hypotension to use other indirect clinical signs of decreased organ perfusion as adjuncts to assessing systemic blood flow in the attempt to define the need for blood pressure treatment in VLBW infants. These clinical signs include changes in urine output, evidence of metabolic acidosis with increased serum lactate levels, and possibly increased heart rate and capillary refill time.58

Outcome Review Criteria

It is difficult to conduct an outcome review on this topic without further research on the management of hypotension in VLBW neonates. Decreased mortality and improved neurodevelopmental outcomes in VLBW infants who have been treated for hypotension following this guideline are the criteria by which it should ultimately be measured. Further evaluation of research within the update timeframe of the guideline will allow this judgment to be made.

Update Plan

This guideline will be updated every 5 years. It will expire in 2016 and will be updated in 2016.

The Management of Hypotension in the Very-Low-Birth-Weight Infant

11

References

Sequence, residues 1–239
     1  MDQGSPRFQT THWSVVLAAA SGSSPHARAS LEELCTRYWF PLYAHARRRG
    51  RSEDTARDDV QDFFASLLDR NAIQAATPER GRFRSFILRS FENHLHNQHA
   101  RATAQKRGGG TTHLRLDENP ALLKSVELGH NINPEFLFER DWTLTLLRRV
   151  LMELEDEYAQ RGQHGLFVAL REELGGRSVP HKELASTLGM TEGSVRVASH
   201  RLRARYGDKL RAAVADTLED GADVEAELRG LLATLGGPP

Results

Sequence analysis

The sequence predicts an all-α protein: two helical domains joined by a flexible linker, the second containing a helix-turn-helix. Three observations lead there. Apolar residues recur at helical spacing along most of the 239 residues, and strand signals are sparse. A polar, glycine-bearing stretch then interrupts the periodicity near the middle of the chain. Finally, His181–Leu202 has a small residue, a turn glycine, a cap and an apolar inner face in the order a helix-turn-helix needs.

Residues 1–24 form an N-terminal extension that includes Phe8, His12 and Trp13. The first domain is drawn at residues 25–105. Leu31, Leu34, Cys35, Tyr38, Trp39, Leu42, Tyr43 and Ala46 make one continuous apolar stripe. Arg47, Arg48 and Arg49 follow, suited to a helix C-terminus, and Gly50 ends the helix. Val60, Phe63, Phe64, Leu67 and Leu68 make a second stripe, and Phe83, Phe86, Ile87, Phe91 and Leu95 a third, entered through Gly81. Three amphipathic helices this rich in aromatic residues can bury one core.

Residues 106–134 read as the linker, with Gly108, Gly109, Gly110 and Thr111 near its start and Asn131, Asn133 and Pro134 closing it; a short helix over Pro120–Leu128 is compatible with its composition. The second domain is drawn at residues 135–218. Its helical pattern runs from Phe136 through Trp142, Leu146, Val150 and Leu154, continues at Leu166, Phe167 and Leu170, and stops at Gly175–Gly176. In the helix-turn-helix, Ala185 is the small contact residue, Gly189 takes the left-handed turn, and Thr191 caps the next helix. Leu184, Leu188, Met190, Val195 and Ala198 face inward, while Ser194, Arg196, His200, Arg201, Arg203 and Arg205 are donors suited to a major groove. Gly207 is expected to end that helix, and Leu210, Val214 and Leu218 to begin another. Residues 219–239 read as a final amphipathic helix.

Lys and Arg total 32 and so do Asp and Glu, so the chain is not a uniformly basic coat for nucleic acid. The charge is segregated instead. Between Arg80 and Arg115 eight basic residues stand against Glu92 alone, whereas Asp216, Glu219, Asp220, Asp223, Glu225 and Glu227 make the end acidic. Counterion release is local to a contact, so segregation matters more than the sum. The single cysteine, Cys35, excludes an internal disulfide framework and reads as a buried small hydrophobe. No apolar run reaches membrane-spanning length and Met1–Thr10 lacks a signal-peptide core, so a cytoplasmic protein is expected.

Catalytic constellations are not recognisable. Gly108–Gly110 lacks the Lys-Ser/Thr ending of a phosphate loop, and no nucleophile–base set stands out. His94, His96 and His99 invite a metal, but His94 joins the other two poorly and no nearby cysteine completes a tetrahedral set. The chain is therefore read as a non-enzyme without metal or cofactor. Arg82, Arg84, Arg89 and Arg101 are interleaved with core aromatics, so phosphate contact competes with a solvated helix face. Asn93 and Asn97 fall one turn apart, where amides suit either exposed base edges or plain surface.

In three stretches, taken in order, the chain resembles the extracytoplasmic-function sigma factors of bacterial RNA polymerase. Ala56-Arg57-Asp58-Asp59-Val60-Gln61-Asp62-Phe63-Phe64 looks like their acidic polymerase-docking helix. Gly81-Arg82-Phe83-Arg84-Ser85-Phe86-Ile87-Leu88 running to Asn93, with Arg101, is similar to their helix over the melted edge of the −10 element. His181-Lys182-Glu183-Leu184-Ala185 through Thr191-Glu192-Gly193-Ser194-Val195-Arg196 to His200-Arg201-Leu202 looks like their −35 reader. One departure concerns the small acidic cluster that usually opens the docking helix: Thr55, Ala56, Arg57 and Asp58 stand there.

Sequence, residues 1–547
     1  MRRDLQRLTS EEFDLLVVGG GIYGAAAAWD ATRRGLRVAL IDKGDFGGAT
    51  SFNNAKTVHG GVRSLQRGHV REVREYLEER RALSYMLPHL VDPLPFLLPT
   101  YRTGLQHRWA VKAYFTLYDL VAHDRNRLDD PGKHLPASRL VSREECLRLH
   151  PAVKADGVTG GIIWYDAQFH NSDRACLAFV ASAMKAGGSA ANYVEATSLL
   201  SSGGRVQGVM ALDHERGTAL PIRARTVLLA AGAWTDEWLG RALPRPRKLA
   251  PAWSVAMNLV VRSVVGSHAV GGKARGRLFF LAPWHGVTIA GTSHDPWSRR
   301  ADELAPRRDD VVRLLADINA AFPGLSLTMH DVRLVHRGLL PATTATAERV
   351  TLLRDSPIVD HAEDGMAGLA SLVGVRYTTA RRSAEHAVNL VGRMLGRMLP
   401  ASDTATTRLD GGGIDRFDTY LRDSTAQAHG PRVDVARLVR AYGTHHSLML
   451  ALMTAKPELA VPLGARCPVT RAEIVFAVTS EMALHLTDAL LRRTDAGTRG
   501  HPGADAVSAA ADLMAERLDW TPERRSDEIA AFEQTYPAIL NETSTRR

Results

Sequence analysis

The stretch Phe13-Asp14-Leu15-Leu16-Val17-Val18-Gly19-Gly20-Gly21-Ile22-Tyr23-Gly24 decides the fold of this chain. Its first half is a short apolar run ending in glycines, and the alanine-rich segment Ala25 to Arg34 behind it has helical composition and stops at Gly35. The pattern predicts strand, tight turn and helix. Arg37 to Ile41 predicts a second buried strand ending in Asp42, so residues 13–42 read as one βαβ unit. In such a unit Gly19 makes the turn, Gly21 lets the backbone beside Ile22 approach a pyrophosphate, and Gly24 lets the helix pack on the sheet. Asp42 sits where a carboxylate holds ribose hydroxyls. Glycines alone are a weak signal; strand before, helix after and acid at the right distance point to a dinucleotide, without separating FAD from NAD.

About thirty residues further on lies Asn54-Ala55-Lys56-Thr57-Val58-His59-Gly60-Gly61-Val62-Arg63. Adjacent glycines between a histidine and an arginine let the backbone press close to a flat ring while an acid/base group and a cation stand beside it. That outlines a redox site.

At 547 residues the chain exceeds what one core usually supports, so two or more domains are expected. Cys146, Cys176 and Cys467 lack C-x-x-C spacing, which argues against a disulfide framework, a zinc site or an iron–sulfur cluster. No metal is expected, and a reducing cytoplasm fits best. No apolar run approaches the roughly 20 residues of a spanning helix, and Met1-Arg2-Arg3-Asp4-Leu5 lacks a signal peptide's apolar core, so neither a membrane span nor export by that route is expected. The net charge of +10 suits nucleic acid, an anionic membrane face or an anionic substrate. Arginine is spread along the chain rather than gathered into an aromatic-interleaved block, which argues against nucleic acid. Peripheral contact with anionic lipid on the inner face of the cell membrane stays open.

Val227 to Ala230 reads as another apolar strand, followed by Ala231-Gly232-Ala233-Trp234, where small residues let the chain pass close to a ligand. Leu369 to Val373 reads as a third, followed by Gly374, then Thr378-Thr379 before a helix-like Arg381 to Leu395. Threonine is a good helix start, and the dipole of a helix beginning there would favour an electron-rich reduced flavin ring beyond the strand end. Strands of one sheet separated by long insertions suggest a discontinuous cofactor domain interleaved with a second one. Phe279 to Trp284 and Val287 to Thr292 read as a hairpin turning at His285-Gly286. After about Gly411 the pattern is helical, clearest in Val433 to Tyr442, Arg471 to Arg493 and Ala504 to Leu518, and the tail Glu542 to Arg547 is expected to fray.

1. McClean CW, Cayabyab RG, Noori S, Seri I. Cerebral circulation and hypotension in the premature infant: diagnosis and treatment. In: Perlman JM, Polin RA, editors. Neonatology questions and controversies: neurology. Philadelphia: Saunders/Elsevier; 2008. p. 3-26. Nuntnarumit P, Yang W, Bada-Ellzey HS. Blood pressure measurements in the newborn. Clin Perinatol. 1999;26:981-6. Kluckow M, Evans N. Low systemic blood flow in the preterm infant. Semin Neonatol. 2001;6:75-84. Evans, N. Assessment and support of the preterm circulation. Early Hum Dev. 2006;82:803-10. Kluckow M, Evans N. Low superior vena cava flow and intraventricular hemorrhage in preterm infants. Arch Dis Child Fetal Neonatal Ed. 2000;82:F188-94. Kluckow M, Evans N. Superior vena cava flow in newborn infants: a novel marker of systemic blood flow. Arch Dis Child Fetal Neonatal Ed. 2000;82:F182-7. West C, Groves AM, Williams CE, Harding JE, Skineer JR, Kuschel CA, et al. Early low cardiac output is associated with compromised electroencephalographic activity in very preterm infants. Pediatr Res. 2006;610-5. Miall-Allen VM, de Vries LS, Whitelow AG. Mean arterial blood pressure and neonatal cerebral lesions. Arch Dis Child. 1987;62:1068-9. Watkins AM, West CR, Cooke RW. Blood pressure and cerebral hemorrhage and ischaemia in very low birthweight infants. Early Hum Dev. 1989;19:103-10. Tyszczuk L, Meek J, Elwell C, Wyatt JS. Cerebral blood flow is independent of mean arterial blood pressure in preterm infants undergoing intensive care. Pediatrics. 1998;102:337-41. Noori S, Stavroudis TA, Seri I. Systemic and cerebral hemodynamics during the transitional period after birth. Clin Perinatol. 2009;36:723-36. Kehrer M, Blumenstock G, Ehehalt S, Goelz R, Poets C, Schoning M. Development of cerebral blood flow volume in preterm neonates during the first two weeks of life. Pediatr Res. 2005;58:927-30. Short BL, Van Meurs K, Evans JR, Cardiology Group. Summary proceedings from the cardiology group on cardiovascular instability in preterm infants. Pediatrics. 2006;117:S34-9. Evans N. Support of the preterm circulation: keynote address to the fifth evidence versus experience conference. 2008 Jun; Chicago. J Perinatol. 2009;29:S50-7. Seri, I, Evans J. Controversies in the diagnosis and management of hypotension in the newborn infant. Curr Opin Pediatr. 2001;13:116-23. Seri I. Circulatory support of the sick preterm infant. Semin Neonatol. 2001;6:85-95. Fanaroff JM, Fanaroff AA. Blood pressure disorders in the neonate: hypotension and hypertension. Semin Fetal Neonatal Med., 2006;11:174-81. Osborn DA, Evans NJ. Early volume expansion for prevention of morbidity and mortality in very preterm infants. Cochrane Database Syst Rev. 2004;2:CD002055. Osborn DA, Evans NJ. Early volume expansion versus inotrope for prevention of morbidity and mortality in very preterm infants. Cochrane Database Syst Rev. 2001;2:CD002056. American Academy of Pediatrics and American Heart Association. Textbook of neonatal resuscitation. 5th ed. Elk Grove Village (IL): The Academy and the Association; 2006.